Art and WineINTERMEZZO 04
The exhibition Art_and_Wine traces the impact of wine on art over the centuries.
One of the earliest plants cultivated by man, wine played a pivotal role in the social and religious life of classical antiquity. In Ancient Greece and Rome wine was associated with Dionysus/Bacchus, patron of the theatre and guardian deity of law and order - as well as the master of orgiastic festivals. In Christianity, wine forms a seminal part of the celebration of the Eucharist.
Over 100 Objects from the KHM’s different collections illustrate the cultural history of wine. At banquets and symposia it was offered to guests in precious cups and ewers. Craftsmen throughout the ages produced magnificent drinking and serving vessels; these innovative artists made cups from gold, ceramics or elaborately decorated glass, designed unusual shapes, or used materials such as veined wood, amethyst or rhinoceros horn. Drinking games tested a guest’s skills and reactions or made him the victim of crude pranks. All this is documented in “drinking books”.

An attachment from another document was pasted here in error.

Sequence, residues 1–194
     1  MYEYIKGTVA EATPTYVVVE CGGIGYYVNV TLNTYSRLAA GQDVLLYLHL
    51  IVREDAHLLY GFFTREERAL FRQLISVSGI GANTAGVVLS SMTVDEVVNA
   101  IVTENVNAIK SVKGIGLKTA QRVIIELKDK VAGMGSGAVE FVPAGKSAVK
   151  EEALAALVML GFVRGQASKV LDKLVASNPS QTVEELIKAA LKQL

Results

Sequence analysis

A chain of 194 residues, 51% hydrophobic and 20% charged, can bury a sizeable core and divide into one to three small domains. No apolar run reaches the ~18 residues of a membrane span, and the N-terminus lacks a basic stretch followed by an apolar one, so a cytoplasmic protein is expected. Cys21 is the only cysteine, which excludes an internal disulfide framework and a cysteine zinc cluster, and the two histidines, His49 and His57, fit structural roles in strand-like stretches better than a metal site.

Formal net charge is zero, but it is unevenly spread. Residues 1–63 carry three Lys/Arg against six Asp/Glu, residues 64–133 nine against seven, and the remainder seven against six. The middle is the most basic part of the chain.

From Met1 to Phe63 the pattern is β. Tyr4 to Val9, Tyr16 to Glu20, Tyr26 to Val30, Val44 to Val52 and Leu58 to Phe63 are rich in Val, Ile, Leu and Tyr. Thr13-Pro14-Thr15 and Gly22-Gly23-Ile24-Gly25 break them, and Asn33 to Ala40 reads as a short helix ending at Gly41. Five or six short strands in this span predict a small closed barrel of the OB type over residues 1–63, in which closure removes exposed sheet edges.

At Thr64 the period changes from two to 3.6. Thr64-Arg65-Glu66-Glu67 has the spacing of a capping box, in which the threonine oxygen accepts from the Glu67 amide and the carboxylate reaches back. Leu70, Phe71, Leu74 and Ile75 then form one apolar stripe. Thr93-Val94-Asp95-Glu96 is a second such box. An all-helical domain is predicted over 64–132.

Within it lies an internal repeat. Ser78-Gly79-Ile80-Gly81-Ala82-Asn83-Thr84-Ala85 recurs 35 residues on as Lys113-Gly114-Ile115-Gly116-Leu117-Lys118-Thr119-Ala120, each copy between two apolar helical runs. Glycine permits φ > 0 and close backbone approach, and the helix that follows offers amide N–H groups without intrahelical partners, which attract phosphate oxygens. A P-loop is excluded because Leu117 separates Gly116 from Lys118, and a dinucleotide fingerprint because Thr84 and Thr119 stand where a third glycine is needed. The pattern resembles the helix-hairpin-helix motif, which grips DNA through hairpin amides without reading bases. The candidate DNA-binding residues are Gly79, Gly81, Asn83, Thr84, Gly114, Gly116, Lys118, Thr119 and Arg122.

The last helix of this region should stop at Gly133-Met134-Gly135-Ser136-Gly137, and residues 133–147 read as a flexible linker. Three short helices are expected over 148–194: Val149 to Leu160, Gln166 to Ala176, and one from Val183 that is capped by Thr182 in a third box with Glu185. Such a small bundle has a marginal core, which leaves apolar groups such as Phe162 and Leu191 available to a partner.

The exhibition is the fourth in our INTERMEZZO series of in-house exhibitions that run concurrently with “blockbuster” shows. It features objects from the KHM’s collections selected by a team of our curators and arranged in a single gallery to reflect a particular topic or idea.
Triumphzug des Bacchus
Maerten van Heemskerck (Heemskerck 1498 – 1574 Haarlem)
Eichenholz, H. 56,3 cm, B. 106,5 cm
Wien, Kunsthistorisches Museum, Gemäldegalerie, Inv.-Nr. 990